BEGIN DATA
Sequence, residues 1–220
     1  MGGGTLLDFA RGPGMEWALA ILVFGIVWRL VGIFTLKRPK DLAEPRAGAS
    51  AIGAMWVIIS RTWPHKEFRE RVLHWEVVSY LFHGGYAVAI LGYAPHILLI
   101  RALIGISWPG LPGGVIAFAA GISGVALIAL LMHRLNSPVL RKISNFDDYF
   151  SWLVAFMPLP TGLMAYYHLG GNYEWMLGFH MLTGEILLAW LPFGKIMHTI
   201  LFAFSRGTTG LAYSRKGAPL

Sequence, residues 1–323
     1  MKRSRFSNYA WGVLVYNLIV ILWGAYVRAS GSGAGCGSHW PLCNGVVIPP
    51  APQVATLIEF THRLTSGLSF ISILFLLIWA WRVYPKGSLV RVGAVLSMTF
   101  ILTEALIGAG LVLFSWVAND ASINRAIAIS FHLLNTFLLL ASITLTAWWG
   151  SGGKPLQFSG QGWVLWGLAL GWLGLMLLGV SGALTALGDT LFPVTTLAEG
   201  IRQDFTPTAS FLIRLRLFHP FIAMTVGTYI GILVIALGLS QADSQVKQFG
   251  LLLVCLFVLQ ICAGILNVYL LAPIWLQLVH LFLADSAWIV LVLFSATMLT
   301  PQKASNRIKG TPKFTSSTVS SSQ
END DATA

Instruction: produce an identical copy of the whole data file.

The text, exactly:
Sequence, residues 1–220
     1  MGGGTLLDFA RGPGMEWALA ILVFGIVWRL VGIFTLKRPK DLAEPRAGAS
    51  AIGAMWVIIS RTWPHKEFRE RVLHWEVVSY LFHGGYAVAI LGYAPHILLI
   101  RALIGISWPG LPGGVIAFAA GISGVALIAL LMHRLNSPVL RKISNFDDYF
   151  SWLVAFMPLP TGLMAYYHLG GNYEWMLGFH MLTGEILLAW LPFGKIMHTI
   201  LFAFSRGTTG LAYSRKGAPL

Sequence, residues 1–323
     1  MKRSRFSNYA WGVLVYNLIV ILWGAYVRAS GSGAGCGSHW PLCNGVVIPP
    51  APQVATLIEF THRLTSGLSF ISILFLLIWA WRVYPKGSLV RVGAVLSMTF
   101  ILTEALIGAG LVLFSWVAND ASINRAIAIS FHLLNTFLLL ASITLTAWWG
   151  SGGKPLQFSG QGWVLWGLAL GWLGLMLLGV SGALTALGDT LFPVTTLAEG
   201  IRQDFTPTAS FLIRLRLFHP FIAMTVGTYI GILVIALGLS QADSQVKQFG
   251  LLLVCLFVLQ ICAGILNVYL LAPIWLQLVH LFLADSAWIV LVLFSATMLT
   301  PQKASNRIKG TPKFTSSTVS SSQ